Geometry Module 5, Topic E, Overview

New York State Common Core
Mathematics Curriculum
Topic E:
Cyclic Quadrilaterals and Ptolemy’s Theorem
Focus Standard:
Instructional Days:
Construct the inscribed and circumscribed circles of a triangle, and prove properties of
angles for a quadrilateral inscribed in a circle.
Lesson 20:
Cyclic Quadrilaterals (P)1
Lesson 21:
Ptolemy’s Theorem (E)
Topic E is a two lesson topic recalling several concepts from the year, e.g., Pythagorean theorem, similarity,
and trigonometry, as well as concepts from Module 5 related to arcs and angles. In Lesson 20, students are
introduced to the term cyclic quadrilaterals and define the term informally as a quadrilateral whose vertices
lie on a circle. Students then prove that a quadrilateral is cyclic if and only if the opposite angles of the
quadrilateral are supplementary. They use this reasoning and the properties of quadrilaterals inscribed in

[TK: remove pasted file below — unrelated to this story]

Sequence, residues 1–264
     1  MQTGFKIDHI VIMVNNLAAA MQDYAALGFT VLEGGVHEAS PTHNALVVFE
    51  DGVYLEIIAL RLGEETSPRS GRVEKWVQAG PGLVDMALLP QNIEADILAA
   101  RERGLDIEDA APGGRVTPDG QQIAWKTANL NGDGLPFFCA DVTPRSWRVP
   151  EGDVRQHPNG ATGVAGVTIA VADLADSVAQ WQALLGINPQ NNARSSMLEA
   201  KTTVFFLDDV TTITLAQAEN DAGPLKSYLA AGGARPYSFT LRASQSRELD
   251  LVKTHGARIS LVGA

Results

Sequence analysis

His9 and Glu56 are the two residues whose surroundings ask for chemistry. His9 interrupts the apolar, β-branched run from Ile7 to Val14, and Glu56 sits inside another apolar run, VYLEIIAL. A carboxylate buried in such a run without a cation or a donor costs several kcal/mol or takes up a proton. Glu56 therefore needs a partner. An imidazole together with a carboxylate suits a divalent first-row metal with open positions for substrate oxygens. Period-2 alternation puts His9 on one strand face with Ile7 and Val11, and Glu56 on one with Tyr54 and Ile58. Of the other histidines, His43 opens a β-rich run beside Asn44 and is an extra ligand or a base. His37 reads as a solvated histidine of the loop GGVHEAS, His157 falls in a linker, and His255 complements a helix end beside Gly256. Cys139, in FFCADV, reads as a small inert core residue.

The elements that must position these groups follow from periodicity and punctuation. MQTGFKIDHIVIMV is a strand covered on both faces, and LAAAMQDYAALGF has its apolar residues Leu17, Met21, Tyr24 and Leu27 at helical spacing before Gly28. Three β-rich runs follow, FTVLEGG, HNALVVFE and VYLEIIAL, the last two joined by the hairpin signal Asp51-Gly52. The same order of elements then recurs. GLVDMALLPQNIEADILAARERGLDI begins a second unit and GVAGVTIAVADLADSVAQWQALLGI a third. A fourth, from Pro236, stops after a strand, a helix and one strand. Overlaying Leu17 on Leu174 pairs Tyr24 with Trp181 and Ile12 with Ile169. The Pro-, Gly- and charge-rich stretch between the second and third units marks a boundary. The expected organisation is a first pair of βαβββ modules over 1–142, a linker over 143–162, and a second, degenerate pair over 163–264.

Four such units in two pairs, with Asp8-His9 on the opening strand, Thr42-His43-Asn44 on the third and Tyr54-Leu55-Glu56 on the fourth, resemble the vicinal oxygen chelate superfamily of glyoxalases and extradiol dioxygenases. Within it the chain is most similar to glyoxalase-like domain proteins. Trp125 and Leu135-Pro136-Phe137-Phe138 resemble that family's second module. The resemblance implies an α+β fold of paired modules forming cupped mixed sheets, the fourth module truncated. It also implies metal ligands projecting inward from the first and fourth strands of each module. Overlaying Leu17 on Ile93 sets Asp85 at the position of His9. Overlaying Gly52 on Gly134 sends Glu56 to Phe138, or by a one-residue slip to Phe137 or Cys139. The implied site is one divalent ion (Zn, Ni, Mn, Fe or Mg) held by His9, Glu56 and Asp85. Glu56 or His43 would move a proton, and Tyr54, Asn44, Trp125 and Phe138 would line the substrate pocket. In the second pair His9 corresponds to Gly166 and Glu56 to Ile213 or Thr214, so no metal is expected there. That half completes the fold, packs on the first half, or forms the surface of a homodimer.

circles (G-C.A.3) to develop the area formula for a cyclic quadrilateral in terms of side length. Lesson 21
continues the study of cyclic quadrilaterals as students prove Ptolemy’s theorem and understand that the
area of a cyclic quadrilateral is a function of its side lengths and an acute angle formed by its diagonals (GSRT.D.9). Students must identify features within complex diagrams to inform their thinking, highlighting
MP.7. For example, students use the structure of an inscribed triangle in a half-plane separated by the
diagonal of a cyclic quadrilateral to conclude that a reflection of the triangle along the diagonal produces a
different cyclic quadrilateral with an area equal to the original cyclic quadrilateral. Students use this
reasoning to make sense of Ptolemy’s theorem and its origin.
Lesson Structure Key: P-Problem Set Lesson, M-Modeling Cycle Lesson, E-Exploration Lesson, S-Socratic Lesson
Topic E:
Cyclic Quadrilaterals and Ptolemy’s Theorem
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